Ángel David Nieves is Professor of Africana Studies, History, and Digital Humanities in the College of Social Sciences and Humanities (CSSH) at Northeastern University and is an Affiliate Professor in the Department of English and in the School of Public Policy and Urban Affairs. He is currently Director of the Graduate Program in Public History and Director of Public Humanities in CSSH. Nieves is also the author of An Architecture of Education: African American Women Design the New South (2018/2020) and co-editor of ‘We Shall Independent Be:’ African American Place Making and the Struggle to Claim Space in the U.S. (w/Alexander, 2008), both historical monographs. He recently completed a new volume in the Debates in the Digital Humanities Series (w/Senier & McGrail), People, Practice, Power: Digital Humanities Outside the Center (December 2021). His articles have appeared in American Quarterly; Resilience: A Journal of the Environmental Humanities; JITP: The Journal of Interactive Technology and Pedagogy; Places: A Journal of Design for the Public Realm; The Journal of Planning History; and in other scholarly journals. Nieves received his Ph.D. from Cornell University in the history of urban development and Africana Studies. He holds an M.A. in socio-cultural anthropology and Women’s Studies from Binghamton University (SUNY) and a professional Bachelor of Architecture (B.Arch.) degree from Syracuse University.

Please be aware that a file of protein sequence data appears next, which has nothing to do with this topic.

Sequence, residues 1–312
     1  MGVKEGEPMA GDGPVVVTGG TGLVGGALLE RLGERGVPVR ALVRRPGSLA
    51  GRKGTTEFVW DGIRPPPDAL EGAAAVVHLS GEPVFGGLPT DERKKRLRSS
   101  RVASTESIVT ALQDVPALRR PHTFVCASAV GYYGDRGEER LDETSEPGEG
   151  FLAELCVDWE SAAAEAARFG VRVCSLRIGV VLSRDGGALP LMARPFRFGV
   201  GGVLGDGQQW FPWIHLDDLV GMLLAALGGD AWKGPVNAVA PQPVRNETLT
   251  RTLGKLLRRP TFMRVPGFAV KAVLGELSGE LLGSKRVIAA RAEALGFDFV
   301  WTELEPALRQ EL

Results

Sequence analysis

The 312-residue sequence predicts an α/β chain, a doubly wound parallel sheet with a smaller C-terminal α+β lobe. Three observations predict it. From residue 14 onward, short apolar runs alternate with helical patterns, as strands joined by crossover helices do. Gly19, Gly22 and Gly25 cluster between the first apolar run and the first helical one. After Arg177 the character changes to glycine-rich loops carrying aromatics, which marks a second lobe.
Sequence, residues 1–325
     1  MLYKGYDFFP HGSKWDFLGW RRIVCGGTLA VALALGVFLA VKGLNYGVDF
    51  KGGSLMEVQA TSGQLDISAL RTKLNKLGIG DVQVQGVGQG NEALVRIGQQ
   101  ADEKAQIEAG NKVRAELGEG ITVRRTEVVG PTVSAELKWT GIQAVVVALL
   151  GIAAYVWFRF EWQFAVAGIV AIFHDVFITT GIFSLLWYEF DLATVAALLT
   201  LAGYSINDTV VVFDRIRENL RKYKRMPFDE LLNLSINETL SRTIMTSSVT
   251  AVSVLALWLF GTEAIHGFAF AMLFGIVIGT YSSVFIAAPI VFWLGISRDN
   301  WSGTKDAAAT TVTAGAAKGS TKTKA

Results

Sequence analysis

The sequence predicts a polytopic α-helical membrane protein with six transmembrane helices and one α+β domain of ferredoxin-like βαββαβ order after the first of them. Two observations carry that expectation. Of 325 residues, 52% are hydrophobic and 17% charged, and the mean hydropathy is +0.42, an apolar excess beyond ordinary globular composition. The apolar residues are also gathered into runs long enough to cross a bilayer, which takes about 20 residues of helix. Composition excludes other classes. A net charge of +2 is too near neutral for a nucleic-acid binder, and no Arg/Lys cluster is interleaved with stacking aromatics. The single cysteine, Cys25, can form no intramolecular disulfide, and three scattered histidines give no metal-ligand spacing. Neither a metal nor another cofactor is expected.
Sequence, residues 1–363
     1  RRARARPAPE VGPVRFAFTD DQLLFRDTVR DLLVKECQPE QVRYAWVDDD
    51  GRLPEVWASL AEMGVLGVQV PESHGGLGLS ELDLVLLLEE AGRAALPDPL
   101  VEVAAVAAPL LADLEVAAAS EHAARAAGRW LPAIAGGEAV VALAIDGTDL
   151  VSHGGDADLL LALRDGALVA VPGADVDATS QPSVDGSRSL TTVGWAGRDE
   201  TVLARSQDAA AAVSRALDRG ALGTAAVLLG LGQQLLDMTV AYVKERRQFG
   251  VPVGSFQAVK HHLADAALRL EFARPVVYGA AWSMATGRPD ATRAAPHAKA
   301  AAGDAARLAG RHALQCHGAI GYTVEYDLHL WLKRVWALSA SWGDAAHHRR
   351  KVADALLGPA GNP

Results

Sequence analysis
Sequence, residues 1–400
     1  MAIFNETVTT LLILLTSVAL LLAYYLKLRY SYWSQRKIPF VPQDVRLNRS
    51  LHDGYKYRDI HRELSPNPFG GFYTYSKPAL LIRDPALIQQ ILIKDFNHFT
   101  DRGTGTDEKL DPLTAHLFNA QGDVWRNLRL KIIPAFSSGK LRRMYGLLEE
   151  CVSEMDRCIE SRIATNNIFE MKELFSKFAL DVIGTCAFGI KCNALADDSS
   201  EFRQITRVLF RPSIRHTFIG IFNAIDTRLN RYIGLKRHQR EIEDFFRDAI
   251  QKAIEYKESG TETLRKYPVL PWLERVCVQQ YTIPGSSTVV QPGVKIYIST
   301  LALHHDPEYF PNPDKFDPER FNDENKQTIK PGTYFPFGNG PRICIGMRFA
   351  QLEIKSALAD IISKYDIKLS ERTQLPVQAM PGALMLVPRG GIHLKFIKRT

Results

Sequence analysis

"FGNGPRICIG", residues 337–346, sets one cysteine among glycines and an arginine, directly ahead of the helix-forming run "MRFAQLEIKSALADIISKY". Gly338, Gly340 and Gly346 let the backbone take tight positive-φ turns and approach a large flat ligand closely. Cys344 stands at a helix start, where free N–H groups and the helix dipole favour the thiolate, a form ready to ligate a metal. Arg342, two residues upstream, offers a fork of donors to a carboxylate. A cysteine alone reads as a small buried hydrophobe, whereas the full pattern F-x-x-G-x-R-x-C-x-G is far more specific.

Nieves currently serves on the Boards of the Society of American City and Regional Planning History (SACRPH) and the Roy Rosenzweig Center for History and New Media at George Mason University. He has served on the Executive Council of the Association for Computers and the Humanities (ACH), the Institute for Liberal Arts Digital Scholarship (ILiADS), the Board of the New York State Council for the Humanities, and on many other boards across the U.S. in various fields and professional organizations.
Dr. Nieves’s scholarship focuses on the intersections of race, gender, sexuality, social justice, and technology in the U.S. and South Africa, and is at the vanguard of digital history publications and experimental online publishing platforms. Nieves has received support from the National Endowment for the Humanities (NEH), the Andrew W. Mellon Foundation, the National Historical Publications & Records Commission (NHPRC), and Yale University. At Hamilton College he raised over $2.7 million dollars (w/Simons) in research support for interdisciplinary digital scholarship. He is currently working on a digital book project, Apartheid Heritage(s): A Spatial History of South Africa’s Black Townships, that combines human rights violations testimony and 3D reconstruction technologies of sites destroyed by the apartheid-era regime. He is Lead Co-PI (w/Poiger; along w/PIs Cohen and Baumgartner) on a $500K Planning Grant from the Mellon Foundation for a project entitled Reckonings: A Local History Platform for the Community-Archivist. Reckonings seeks to disrupt the traditional top-down methods of conducting historical projects by including a process of community co-curation to ensure that history – through both analog and digital formats – is not only more accurate, but more encompassing of the trials and triumphs of our nation’s marginalized communities.
In June 2022 he Co-Directs the NEH funded Summer Institute “Engaging Geography in the Humanities,” with Drs. Liza Weinstein (Sociology/Anthropology) and Serena Parekh (Philosophy). Nieves begins his new role as Director of Northeastern’s Humanities Center in July 2022.